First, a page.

Heat oil in wok over high heat until hot but not smoking, then stir-fry garlic until pale golden, 10 to 15 seconds. Add broccoli and stock and stir-fry 2 minutes. Add bean sauce, oyster sauce, and sugar and stir-fry until broccoli is crisp-tender, 4 to 5 minutes.

Cooks’ note:
Broccoli can be trimmed and cut 6 hours ahead and chilled in a sealed plastic bag.

May 2004

Roasted Beets and Braised Beet tops with Canellini Beans(serves 4)


2 bunches medium beets with tops

1 medium red onion, cut into thin (1/4 – inch) wedges


3 T extra virgin olive oil

2 T red wine vinegar

1 t dried oregano or 2 t fresh oregano leaves, minced

½ t Kosher salt

½ t minced garlic

Freshly ground pepper

1  15 ounce can cannellini beans, drained and rinsed


Preheat the oven to 400 degrees.

Cut green tops from beets, leaving about ½ inch of stem attached.  Set greens aside to be used fro Braising Beet tops.


Wash beets and dry.  Wrap each bet tightly in a square of foil and rasp until tender when pierced with a skewer, about 1 hour or more, depending on size.  Cool, unwrap foil and rub off outside skin.  Trim and discard stems and ends, and cut beets into ½ inch wedges.  Set aside separately until ready to serve.  Strain any juices left in foil into a small bowl and reserve.

Place onion wedges in a small bowl and cover with cold water.  Add a handful of ice cubes and let stand until ready to use. To make Braised Beet Tops, wash beet tops in several changes of water, trim stems and coarsely chop leaves into 2 inch pieces.  There should be about 8 cups, or 1 pound, lightly packed.  Heat 2 cups water to boiling in a large, broad saucepan.  Stir in beet greens and cook until wilted and tender, 8 to 10 minutes.  Drain well, cool and then press lightly on greens with back of spoon to remove excess moisture.

In a large bowl, whisk together olive oil, vinegar, reserved beet juices, oregano, garlic, and salt and pepper to taste until well blended.  Measure out 1 Tablespoon and add it to the beet wedges.  Toss to combine.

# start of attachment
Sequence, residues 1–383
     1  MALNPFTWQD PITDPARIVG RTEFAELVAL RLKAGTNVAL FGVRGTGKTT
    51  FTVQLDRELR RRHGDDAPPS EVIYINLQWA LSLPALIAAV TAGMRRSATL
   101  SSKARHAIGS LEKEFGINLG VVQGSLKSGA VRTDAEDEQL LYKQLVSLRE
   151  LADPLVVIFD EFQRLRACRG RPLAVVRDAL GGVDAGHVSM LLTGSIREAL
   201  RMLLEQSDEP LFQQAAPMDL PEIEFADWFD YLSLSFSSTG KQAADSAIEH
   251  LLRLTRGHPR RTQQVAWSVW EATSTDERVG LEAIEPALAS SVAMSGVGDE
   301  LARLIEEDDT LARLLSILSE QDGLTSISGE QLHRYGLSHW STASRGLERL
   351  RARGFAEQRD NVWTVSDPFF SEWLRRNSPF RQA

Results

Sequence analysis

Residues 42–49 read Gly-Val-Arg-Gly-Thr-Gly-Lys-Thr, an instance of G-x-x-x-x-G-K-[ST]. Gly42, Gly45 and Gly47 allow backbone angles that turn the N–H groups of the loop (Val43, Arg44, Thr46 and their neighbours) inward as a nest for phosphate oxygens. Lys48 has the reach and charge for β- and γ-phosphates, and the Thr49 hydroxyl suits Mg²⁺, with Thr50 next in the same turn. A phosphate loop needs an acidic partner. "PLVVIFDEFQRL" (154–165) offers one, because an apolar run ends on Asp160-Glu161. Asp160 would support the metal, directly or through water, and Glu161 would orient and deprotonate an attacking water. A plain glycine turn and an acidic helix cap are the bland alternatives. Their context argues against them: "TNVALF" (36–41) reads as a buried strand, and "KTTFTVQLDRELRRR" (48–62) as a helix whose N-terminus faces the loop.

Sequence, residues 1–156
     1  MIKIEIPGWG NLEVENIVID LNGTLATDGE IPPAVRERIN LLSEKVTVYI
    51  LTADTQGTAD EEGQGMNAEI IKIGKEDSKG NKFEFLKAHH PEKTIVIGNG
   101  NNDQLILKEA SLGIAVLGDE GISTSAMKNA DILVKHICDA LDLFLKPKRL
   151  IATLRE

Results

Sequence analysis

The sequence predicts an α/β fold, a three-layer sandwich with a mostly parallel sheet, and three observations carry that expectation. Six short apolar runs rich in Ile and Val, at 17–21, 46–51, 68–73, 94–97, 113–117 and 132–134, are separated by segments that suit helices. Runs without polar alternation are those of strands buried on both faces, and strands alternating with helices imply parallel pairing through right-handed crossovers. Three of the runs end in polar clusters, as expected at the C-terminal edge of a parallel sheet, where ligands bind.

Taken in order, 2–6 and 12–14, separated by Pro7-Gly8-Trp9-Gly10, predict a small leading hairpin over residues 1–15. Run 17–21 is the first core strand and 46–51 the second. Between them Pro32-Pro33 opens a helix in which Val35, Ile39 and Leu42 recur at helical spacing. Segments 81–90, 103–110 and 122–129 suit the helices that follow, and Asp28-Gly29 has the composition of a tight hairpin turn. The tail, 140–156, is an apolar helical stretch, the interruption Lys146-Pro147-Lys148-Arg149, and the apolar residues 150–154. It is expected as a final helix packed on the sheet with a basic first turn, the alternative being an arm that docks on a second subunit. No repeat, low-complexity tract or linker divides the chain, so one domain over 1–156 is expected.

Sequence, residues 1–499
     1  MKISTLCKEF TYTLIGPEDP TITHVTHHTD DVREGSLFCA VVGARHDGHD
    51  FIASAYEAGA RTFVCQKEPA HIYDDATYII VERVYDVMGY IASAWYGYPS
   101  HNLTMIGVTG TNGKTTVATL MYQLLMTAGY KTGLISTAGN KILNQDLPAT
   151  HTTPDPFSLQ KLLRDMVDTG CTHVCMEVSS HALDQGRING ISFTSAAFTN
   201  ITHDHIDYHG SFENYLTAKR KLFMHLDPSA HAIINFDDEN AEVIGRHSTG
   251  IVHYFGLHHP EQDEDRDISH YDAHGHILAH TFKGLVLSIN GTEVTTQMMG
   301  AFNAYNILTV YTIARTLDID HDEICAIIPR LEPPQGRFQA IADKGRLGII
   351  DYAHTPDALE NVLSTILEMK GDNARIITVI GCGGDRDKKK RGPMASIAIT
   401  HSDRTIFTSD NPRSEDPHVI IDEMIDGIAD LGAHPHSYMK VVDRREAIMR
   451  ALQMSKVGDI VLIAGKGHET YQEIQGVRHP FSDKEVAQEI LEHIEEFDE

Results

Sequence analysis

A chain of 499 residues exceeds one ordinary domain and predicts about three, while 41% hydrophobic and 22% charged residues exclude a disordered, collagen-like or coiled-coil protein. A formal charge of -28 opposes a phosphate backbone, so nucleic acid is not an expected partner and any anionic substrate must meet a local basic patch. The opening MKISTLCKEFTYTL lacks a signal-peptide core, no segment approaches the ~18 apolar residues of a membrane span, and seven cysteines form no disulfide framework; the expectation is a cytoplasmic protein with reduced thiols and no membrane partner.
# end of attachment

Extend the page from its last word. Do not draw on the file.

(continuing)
Remove ice cubes and drain water from onion.  Add onion to dressing along with cooked beet greens and beans.  Toss gently to blend.  Spoon into a serving bowl and arrange beet wedges around edges and on top.  Serve warm or at room temperature


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Week #2 2017

Week #2 2017

Salad Mix or braising mix – the first of the new lettuce, small tender leaves. As this is just coming on we are offering either salad or braising mix.

Kale – amazing stuff, just pumping out the leaves, thank you super food. Enjoy it weekly (we eat it daily!) some of our favorite recipes are listed below, many more on the website.

Spinach – Osbourne seed company has a winner with this very dark green spinach. The vitamins are surging through the leaves and will contribute to your health. Try Polly’s recipe below for Saag, with or without the lamb.

Shallots – held over from last season, strong and flavorful, use as you would an onion.

Walnuts – our grand old tree did well last season. Thanks to all the hands that went into gathering them. Most are in great condition, some are not, hard to tell until you crack them, so enjoy.

Broccoli raab – these are the flowerets of sprouting broccoli, kale and cabbage. You can use the recipe below or roast them with some olive oil and a dusting of cheese on top. I like to put them in the oven at 350 for 20 – 30 minutes.

Beet greens – these are like the best chard you have ever eaten! Any green recipe will do or use it like the spinach below.

Radishes – enjoy pink or red, they are still sweet before the heat of the early spring adds some spice. I loved seeing Jodi’s family eating the whole bunch on the way from the cooler to their car!